When Governor Carney announced interim measures on Tuesday to allow some local businesses to re-open under modified conditions, Peter Kate boutique owner Sissy Aerenson didn’t see any reason to celebrate.
The new, “pre-Phase 1” measure allows clothing, sporting goods, department stores, and general merchandise retailers to offer curbside shopping to customers.
The same day Carney announced that hair salons and barbershops could open their doors to a limited number of customers.
“I am so blown away by this,” said Sissy Aerenson. “I am incredibly happy to be able to be officially open. I am, however, very disappointed in the fact that it’s just for curbside. I think the whole way this has been handled has been somewhat arbitrary.”
Aerenson’s business is located in the Fairfax Shopping Center, where several other small business retailers remained closed because of the COVID-19 pandemic. Her fashions and accessories are available on her store’s website and on Instagram (@shoppeterkate).
Since Governor Carney’s stay-at-home order went into effect on March 11th, local retailers had to shut their doors. But larger retailers which also have food offerings as a component of their business have been allowed to remain open.
“The fact that someone can go to Target or Walmart and get some of the same things they can get here – we are a much smaller space where we can control who’s here and be aware of the situation with cleanliness.
“We are very consistent in wiping down doorknobs and dressing rooms, and keypads. And because we have an ability to control who’s in our store, it’s very upsetting to me. I think they put the small businesses at a tremendous disadvantage,” said Aerenson.
“The same person can go to Target and be around hundreds of people. And here, if you give parameters and rules, a small business will be a much safer place for people to be, and to shop,” she added.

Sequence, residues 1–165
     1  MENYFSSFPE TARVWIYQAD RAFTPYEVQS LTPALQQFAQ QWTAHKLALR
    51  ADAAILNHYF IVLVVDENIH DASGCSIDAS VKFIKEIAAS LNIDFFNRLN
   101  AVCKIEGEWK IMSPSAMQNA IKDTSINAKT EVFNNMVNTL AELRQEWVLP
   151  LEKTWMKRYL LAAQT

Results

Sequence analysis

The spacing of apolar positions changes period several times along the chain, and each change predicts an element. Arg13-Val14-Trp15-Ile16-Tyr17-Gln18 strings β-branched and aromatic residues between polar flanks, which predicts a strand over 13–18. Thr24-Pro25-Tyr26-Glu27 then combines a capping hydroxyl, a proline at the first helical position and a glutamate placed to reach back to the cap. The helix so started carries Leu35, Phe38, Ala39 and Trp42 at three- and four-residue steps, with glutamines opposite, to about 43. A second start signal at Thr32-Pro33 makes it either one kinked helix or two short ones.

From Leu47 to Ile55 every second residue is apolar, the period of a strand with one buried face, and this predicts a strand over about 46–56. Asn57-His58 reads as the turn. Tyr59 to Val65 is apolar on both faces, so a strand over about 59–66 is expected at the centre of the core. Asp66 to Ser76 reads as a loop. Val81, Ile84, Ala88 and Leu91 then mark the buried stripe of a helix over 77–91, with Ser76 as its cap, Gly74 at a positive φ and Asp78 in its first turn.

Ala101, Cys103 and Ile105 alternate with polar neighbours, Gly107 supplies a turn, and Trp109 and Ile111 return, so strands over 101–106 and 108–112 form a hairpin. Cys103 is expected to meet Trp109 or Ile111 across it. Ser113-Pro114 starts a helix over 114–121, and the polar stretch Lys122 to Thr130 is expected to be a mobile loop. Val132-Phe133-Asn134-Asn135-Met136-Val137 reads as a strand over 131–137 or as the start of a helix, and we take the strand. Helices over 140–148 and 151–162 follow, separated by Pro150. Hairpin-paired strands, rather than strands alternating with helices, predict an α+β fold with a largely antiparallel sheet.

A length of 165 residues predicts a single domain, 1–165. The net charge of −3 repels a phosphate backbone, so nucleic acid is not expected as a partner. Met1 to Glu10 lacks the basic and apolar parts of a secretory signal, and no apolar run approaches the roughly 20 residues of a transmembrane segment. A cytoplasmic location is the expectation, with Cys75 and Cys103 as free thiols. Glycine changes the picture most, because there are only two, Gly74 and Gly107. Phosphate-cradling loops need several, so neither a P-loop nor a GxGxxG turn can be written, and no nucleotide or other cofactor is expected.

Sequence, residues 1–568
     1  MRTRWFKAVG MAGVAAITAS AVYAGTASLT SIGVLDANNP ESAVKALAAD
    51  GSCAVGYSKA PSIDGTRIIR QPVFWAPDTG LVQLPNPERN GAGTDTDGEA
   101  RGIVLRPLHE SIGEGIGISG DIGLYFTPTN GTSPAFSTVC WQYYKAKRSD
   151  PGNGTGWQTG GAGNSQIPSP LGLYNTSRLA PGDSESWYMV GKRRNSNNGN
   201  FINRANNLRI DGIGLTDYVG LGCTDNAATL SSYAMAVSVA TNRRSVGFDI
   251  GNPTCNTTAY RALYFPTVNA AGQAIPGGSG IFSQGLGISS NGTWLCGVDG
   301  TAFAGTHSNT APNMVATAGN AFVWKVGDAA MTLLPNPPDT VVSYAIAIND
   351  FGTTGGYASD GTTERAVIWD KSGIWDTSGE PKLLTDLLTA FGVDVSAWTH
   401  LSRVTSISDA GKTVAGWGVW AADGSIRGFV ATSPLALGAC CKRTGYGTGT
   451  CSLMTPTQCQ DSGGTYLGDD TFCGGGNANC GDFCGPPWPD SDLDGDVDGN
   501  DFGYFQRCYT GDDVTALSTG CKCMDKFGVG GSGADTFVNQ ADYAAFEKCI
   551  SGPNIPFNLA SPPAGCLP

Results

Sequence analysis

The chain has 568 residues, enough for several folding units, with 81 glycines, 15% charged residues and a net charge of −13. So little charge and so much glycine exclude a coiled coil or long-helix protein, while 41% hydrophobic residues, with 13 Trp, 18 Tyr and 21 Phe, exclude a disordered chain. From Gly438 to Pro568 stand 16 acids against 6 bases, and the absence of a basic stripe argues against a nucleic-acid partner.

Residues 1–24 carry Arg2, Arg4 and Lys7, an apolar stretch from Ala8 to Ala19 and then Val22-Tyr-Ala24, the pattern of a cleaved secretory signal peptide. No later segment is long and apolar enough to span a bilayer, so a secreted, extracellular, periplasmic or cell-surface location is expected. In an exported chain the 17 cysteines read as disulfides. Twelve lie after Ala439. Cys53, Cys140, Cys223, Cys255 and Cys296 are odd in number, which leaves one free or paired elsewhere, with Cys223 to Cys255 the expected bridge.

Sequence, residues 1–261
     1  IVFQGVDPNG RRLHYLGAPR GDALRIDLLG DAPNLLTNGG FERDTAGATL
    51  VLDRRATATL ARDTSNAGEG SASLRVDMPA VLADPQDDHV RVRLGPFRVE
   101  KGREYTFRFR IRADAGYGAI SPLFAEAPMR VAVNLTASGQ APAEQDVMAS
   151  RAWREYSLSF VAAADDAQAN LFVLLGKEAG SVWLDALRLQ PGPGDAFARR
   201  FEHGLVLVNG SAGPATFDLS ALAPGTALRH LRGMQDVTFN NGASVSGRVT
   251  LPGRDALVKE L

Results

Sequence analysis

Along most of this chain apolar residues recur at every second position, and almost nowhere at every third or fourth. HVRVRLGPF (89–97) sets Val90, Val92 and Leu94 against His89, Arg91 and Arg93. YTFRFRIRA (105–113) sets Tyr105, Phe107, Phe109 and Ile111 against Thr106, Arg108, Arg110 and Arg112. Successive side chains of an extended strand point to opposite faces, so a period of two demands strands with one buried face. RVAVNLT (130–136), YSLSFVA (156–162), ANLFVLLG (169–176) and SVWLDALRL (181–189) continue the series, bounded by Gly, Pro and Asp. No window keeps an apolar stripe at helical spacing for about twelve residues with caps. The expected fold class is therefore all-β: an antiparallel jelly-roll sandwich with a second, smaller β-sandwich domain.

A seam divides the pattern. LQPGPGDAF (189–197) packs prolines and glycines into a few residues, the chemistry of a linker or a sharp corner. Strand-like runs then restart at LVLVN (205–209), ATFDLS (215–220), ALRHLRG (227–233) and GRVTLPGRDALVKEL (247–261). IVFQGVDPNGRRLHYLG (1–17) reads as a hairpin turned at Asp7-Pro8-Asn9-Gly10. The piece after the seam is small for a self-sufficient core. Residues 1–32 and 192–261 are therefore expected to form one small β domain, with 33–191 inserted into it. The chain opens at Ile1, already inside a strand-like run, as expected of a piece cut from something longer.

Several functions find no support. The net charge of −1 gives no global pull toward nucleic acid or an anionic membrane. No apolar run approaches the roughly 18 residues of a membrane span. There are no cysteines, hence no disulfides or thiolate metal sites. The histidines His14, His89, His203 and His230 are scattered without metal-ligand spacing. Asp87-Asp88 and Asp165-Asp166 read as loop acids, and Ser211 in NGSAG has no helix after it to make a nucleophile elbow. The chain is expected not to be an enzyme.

Aerenson said she is grateful some customers have reached out by phone or over the website to enquire about new arrivals. Like other local business owners, Aerenson has employed her son to deliver items to customers for a contactless transaction.
Morgan’s of Delaware has been in business for 40 years. Owner Martha Morgan says she has dealt with several disruptions since first opening in 1979.
She has moved her business four times and launched her women’s fashion business just as interest rates skyrocketed to 20%. “Being in business for 40 years we’ve dealt with a lot of upheavals,” she said.
Now located at 222 Delaware Avenue in Wilmington next to the PNC Bank building and Brew HaHa!, Morgan says the fact that her business is downtown at a time when all but essential workers are staying home means few will likely drop by for curbside pickups.
Morgan would have preferred that retailers could take customers by appointment or a limited number at any given time inside the store.
“I think it’s an improvement, but clients need to come into the store. We would be happy to meet by appointment. I expect change by Monday,” said Morgan, who is hopeful Governor Carney will revise the interim shopping measure.